Do you feel like nothing is changing?
Are you looking for answers, and fed up with just getting more questions?
Or have you been in therapy before, and felt like you were only spinning your wheels?
There are three related components to our therapeutic approach that allow us to accelerate ways to get to the answers, with a focus on getting unstuck, unlocking the real feelings at the heart of the issue, and dealing with the core of the problem.
Emotionally Focused Therapy (EFT) – By working with the real feelings underlying a problem issue, Emotionally Focused Therapy is used to help move couples, families and individuals in a structured way from pain to recovery. Research validated over the past 20 years has shown that 90% of couples receiving EFT made significant improvements. EFT has been used with a wide variety of people and problem situations. EFT is based on clear conceptualizations of adult relationships and feelings, uses a collaborative method between therapist and patient(s) and is structured on specific key moments of change. The main goals of EFT are to expand long-established emotional responses, to shift relationship dynamics, and to create new secure attachments.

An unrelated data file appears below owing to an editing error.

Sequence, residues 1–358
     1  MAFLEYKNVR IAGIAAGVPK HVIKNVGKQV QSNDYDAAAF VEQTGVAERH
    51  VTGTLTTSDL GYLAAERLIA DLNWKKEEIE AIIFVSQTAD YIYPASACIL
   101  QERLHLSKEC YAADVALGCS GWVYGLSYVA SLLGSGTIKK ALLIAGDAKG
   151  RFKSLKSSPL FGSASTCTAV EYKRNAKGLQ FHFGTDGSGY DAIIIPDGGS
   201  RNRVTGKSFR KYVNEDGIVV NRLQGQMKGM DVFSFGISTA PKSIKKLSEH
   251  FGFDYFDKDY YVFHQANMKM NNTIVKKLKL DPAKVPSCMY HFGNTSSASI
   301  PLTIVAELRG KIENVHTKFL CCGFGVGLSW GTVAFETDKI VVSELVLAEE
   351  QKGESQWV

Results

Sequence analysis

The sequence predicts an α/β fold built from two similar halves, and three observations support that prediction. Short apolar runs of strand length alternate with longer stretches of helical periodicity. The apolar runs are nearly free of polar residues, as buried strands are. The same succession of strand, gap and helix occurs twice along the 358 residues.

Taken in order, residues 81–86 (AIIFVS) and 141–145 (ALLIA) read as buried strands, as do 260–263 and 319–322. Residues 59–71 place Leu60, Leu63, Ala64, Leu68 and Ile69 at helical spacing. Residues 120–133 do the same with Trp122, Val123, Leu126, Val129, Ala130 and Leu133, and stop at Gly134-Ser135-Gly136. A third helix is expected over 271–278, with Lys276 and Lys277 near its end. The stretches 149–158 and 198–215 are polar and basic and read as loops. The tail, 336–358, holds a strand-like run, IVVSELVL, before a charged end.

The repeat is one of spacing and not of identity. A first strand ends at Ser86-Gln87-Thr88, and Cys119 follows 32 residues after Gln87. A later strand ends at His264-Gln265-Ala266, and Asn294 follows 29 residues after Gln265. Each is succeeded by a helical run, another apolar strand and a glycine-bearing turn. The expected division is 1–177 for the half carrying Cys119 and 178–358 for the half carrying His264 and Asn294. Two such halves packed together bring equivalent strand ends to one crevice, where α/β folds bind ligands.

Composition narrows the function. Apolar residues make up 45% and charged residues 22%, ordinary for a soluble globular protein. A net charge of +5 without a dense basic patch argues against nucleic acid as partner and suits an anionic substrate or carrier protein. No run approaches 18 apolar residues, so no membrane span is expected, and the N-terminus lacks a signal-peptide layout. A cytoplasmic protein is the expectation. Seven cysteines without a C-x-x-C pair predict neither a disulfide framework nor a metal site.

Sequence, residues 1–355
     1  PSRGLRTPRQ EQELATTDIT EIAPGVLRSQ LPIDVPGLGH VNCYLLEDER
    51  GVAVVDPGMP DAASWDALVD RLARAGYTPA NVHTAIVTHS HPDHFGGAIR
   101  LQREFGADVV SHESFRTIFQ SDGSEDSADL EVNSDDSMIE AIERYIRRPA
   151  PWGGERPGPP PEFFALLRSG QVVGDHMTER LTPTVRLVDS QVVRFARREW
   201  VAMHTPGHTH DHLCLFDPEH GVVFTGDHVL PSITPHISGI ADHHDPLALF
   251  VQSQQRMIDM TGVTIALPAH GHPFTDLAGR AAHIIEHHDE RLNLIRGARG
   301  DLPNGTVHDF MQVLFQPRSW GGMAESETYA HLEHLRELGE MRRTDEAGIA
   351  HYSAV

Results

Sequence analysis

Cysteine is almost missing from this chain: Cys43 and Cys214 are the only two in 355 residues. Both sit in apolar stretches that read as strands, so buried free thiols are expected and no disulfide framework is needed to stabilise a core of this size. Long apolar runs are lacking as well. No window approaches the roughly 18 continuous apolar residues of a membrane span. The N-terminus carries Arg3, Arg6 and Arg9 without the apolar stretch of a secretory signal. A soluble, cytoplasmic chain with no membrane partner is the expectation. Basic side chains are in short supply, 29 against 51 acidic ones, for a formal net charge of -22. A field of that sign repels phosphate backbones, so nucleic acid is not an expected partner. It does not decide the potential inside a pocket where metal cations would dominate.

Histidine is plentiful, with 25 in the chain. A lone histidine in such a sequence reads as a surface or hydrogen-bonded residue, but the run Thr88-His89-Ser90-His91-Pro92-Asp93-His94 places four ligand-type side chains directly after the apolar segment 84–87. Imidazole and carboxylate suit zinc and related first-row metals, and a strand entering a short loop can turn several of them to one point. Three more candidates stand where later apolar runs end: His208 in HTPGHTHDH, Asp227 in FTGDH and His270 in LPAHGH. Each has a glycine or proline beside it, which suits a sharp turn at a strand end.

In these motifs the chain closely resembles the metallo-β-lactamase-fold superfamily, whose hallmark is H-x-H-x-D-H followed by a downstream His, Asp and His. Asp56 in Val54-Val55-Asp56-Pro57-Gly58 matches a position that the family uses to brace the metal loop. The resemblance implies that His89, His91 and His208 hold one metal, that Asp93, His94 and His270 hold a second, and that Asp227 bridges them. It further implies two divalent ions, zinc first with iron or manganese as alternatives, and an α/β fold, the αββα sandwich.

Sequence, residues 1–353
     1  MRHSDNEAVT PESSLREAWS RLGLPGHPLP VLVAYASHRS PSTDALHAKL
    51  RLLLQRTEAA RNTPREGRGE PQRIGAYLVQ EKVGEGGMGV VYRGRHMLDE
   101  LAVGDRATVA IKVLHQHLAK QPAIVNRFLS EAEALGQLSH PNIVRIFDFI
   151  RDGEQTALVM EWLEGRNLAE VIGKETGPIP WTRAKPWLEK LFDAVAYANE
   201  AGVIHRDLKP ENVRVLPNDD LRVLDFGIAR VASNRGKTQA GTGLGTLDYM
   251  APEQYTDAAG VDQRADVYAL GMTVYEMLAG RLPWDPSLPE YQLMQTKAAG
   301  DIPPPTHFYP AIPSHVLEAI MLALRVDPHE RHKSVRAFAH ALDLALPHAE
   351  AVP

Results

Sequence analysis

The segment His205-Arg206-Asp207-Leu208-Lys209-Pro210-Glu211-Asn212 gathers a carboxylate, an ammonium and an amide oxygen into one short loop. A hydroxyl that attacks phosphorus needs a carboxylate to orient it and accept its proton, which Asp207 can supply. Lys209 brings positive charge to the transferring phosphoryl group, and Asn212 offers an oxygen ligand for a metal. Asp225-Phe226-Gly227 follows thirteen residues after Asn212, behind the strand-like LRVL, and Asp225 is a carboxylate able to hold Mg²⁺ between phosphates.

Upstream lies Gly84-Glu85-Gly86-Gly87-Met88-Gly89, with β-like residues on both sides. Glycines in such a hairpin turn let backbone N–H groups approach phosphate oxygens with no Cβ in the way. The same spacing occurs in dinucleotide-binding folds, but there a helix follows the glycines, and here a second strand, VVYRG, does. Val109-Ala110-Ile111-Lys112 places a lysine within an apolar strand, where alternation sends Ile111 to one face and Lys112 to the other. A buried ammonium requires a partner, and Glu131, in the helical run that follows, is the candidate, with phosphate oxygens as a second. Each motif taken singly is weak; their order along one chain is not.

Accelerated Experiential-Dynamic Psychotherapy (AEDP) – The AEDP model of psychotherapy is oriented on transformation and healing. Its roots are in many psychotherapeutic disciplines including attachment theory, affective neuroscience, and body-focused treatment. AEDP works with the intense emotional experiences that are part and parcel of being alive and the foundation of joyful living, but that also can lead to unproductive defensive strategies when they become overwhelming. The main goals of AEDP are to nurture the emergence of new and healing ways of being through the in-depth processing of difficult emotional and relational experiences.
Relational Psychotherapy – this approach to individual psychotherapy is “bottom up.” Our experiential modality focuses on the here-and-now moments in therapy sessions in which your true relationship and emotional patterns emerge. By using the therapist-client relationship as a forum in which to explore your experience of the world, our clinicians are able to trace your emotional responses back to past trauma to help you identify the emotional logic of your current relationship strategies and develop a new, self-affirming relationship with yourself that is vital and growth-oriented.